AAP does not support routine ECG screening in children before ADHD therapy

August 8, 2008

The American Academy of Pediatrics (AAP) has stated it does not support the routine use of electrocardiogram (ECG) screening before initiating treatment with stimulants for children and adolescents with attention deficit hyperactivity disorder (ADHD).

The American Academy of Pediatrics (AAP) has stated it does not support the routine use of electrocardiogram (ECG) screening before initiating treatment with stimulants for children and adolescents with attention deficit hyperactivity disorder (ADHD).

The policy statement, published in the August Pediatrics, contrasts with a recent statement made by the American Heart Association (AHA) that stated, "It is reasonable to consider adding an ECG ... to the history and physical examination in the cardiovascular evaluation of children who need to receive treatment with drugs for ADHD."1

The AAP statement argues that sudden cardiac death (SCD) in persons taking medications for ADHD is rare and occurs just as frequently in the general population of children and adolescents. In addition, the statement points out the lack of evidence supporting the routine use of ECG screening to prevent sudden death in patients before taking ADHD medications.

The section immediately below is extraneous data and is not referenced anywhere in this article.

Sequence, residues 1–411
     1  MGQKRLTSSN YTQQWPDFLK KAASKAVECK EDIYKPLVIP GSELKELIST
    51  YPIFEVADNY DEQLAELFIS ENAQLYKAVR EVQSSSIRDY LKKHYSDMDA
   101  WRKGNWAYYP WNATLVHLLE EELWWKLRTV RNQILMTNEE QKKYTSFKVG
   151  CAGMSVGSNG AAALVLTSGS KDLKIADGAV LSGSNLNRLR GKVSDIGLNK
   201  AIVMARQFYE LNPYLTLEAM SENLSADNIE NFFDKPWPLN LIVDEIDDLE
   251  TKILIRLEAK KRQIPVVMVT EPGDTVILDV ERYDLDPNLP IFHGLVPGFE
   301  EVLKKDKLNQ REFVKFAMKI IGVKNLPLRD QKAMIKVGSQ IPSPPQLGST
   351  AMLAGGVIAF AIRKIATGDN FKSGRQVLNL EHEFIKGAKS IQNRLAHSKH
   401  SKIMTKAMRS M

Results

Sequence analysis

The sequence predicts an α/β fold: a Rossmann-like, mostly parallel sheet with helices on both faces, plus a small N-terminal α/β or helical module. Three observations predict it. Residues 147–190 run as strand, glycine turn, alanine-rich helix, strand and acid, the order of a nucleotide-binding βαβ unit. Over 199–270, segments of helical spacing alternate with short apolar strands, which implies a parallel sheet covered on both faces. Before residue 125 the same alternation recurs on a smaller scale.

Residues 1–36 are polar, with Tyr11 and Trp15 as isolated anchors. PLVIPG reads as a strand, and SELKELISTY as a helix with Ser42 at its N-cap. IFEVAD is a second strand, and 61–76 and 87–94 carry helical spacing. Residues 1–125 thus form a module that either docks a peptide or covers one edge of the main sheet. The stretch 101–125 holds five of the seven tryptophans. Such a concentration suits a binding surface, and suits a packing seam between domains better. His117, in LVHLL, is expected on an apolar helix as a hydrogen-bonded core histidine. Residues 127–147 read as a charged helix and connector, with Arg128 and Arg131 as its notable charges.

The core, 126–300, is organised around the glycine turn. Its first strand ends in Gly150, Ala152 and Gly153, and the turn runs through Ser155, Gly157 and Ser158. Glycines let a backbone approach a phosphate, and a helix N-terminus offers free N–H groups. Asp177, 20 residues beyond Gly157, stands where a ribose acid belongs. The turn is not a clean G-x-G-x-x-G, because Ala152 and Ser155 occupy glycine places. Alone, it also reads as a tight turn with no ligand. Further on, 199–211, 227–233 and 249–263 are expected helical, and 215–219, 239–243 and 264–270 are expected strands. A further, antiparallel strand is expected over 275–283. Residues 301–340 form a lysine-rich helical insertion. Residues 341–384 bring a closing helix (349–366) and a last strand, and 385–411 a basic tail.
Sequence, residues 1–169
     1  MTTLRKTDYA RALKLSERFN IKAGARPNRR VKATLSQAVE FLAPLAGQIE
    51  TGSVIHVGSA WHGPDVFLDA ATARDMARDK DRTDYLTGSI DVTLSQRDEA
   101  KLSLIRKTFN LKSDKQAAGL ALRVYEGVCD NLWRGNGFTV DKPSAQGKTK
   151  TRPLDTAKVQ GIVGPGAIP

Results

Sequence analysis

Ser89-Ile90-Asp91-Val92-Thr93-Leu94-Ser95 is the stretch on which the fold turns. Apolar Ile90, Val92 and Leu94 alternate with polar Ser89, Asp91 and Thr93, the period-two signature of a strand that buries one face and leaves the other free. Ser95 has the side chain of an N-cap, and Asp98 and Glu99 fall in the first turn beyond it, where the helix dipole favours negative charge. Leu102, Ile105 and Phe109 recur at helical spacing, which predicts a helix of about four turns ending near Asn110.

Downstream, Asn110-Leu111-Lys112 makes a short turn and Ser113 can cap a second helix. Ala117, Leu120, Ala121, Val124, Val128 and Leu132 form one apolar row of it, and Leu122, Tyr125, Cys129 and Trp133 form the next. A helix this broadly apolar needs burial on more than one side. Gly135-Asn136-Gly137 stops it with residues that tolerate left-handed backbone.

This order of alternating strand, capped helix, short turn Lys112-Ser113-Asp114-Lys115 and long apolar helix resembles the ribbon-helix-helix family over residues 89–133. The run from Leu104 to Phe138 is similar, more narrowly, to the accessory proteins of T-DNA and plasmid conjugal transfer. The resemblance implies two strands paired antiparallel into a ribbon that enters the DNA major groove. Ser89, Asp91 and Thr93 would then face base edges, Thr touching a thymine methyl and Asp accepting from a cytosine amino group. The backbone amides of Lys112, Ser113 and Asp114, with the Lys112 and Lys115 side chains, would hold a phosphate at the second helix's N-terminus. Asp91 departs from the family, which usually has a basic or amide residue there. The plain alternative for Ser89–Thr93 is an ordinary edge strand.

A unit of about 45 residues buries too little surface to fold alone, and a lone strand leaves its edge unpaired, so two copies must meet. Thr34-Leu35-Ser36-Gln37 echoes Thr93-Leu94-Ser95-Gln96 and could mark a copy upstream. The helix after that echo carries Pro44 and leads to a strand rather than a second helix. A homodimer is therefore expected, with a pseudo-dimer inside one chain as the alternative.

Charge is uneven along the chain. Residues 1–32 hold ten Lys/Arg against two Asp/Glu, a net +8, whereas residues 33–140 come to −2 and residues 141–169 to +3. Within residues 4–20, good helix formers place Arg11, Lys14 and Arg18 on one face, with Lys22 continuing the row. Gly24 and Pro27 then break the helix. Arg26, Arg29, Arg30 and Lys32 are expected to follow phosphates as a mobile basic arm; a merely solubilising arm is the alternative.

However, the AAP statement notes, "The AHA statement pointed out the importance of detecting silent but clinically important cardiac conditions in children and adolescents, which is a goal that the AAP shares. The primary purpose of the AHA statement is to prevent cases of SCD that may be related to stimulant medications."2

The AAP's statement is endorsed by the American Academy of Child and Adolescent Psychiatry, the Society for Developmental and Behavioral Pediatrics, the National Initiative for Children's Healthcare Quality, the National Association of Pediatric Nurse Practitioners, and Children and Adults with Attention Deficit/Hyperactivity Disorder.

References
1.Vetter VL, Elia J, Erickson C, et al: Cardiovascular monitoring of children and adolescents with heart disease receiving stimulant drugs. Circulation 2008;117:2407
2. Perrin JM, Friedman RA, Knilans TK, et al: Cardiovascular monitoring and stimulant drugs for attention-deficit/hyperactivity disorder. Pediatrics 2008;122:451